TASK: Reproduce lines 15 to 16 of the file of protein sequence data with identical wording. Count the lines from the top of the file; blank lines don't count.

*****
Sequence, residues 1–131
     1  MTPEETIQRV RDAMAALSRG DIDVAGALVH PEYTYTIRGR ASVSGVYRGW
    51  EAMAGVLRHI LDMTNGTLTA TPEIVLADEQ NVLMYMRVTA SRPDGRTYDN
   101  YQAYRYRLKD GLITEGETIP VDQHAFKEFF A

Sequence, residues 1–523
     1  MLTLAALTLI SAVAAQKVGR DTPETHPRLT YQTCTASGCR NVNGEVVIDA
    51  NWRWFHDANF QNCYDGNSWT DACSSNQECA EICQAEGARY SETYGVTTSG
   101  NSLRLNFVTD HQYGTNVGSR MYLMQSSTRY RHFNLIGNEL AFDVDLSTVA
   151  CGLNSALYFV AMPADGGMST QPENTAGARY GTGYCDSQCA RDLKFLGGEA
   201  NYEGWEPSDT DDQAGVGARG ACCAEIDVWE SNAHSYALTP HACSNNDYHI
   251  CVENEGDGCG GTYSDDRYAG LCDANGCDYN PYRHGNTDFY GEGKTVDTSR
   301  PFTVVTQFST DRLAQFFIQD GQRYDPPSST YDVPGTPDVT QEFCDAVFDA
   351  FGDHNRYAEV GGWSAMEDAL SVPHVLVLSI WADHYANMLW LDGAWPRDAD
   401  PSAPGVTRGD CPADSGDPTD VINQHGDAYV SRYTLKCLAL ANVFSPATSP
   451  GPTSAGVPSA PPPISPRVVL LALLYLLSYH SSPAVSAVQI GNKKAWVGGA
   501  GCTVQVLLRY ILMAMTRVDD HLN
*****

   451  GPTSAGVPSA PPPISPRVVL LALLYLLSYH SSPAVSAVQI GNKKAWVGGA
   501  GCTVQVLLRY ILMAMTRVDD HLN